Photos of Democratic presidential hopeful Beto O’Rourke eating on the US campaign trail have highlighted the contrast between how we respond to female public figures broadcasting everyday activities—versus men doing the same things.

On Tuesday, Hillary Clinton’s former Instagram manager explained he had avoided posting images of Clinton interacting with food because “different rules for men & women running for office” would likely prompt “sexist” reactions.

The food and clothing choices of women in politics have long been intensely scrutinised, down to the calories, sauces, cutlery, and beer brands.

British prime minister Theresa May’s footwear, and even her dancing, routinely attract mockery.

In contrast, male politicians are lauded for the size and nature of their meals, and are able to tap into tropes like “Guys gotta eat.”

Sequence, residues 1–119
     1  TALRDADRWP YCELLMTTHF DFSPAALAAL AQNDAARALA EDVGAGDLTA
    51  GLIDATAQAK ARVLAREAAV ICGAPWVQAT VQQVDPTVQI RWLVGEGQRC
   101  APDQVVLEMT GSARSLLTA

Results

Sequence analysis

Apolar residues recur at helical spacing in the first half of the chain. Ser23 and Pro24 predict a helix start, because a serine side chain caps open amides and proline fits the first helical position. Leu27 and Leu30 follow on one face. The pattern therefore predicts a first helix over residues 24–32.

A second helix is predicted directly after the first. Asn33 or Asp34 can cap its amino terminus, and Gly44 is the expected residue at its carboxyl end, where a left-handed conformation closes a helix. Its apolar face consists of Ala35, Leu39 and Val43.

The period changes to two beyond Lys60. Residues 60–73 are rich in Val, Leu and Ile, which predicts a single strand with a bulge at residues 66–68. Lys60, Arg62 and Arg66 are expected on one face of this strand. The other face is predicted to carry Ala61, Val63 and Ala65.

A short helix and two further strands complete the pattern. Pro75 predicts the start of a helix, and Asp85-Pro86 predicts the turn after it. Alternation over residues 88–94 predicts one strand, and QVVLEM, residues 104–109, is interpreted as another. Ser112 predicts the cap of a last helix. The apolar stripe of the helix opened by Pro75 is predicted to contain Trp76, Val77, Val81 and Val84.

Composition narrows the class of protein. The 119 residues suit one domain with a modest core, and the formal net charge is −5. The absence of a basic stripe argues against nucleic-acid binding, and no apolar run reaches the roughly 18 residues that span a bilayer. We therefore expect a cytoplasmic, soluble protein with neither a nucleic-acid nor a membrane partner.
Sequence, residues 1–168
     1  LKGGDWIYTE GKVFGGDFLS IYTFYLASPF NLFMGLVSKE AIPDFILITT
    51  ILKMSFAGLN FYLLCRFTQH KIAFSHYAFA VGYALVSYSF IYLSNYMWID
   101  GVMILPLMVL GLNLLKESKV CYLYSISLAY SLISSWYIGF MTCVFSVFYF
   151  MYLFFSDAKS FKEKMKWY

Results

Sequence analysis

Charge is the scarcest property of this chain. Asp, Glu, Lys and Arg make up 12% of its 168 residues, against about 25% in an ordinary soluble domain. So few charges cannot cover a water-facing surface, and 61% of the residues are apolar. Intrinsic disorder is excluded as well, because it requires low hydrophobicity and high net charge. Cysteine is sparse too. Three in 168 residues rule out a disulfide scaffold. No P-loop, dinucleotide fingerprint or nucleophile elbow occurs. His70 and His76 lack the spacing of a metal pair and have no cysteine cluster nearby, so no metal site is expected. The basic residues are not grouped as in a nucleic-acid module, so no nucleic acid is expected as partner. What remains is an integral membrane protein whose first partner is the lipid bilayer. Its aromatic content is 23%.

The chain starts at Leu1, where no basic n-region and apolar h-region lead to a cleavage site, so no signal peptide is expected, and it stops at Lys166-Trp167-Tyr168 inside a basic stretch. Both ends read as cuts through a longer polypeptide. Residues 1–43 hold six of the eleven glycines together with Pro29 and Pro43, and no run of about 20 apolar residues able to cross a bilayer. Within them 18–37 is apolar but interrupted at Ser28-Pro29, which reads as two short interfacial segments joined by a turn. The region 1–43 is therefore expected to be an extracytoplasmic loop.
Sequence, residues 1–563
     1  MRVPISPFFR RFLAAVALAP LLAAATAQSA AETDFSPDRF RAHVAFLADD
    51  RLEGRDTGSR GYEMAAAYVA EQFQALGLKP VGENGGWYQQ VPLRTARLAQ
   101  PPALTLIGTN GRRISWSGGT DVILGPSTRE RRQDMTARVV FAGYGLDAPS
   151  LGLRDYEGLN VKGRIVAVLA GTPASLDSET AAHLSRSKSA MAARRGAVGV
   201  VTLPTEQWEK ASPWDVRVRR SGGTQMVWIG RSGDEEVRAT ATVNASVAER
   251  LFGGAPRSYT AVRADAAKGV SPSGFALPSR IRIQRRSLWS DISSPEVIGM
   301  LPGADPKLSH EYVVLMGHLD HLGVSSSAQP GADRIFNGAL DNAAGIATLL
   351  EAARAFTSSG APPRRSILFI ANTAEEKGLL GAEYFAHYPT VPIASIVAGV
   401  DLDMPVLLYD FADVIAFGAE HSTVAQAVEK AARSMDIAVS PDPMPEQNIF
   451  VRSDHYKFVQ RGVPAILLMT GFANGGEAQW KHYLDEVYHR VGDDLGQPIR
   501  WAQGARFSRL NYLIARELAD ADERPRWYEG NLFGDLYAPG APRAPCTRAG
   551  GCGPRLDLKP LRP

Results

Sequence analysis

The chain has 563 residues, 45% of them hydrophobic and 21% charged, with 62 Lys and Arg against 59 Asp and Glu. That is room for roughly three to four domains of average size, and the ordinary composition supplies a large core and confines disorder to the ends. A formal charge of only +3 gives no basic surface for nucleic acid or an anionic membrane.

Now, collective responses to Democrats’ thronging, diverse field of presidential candidates are underlining enduring double standards.

These include fixations on women’s likability, authenticity, style, poise, and “substance."

How can we move the public representation of female politicians forward?

       

Credit for this article's header image goes to Getty.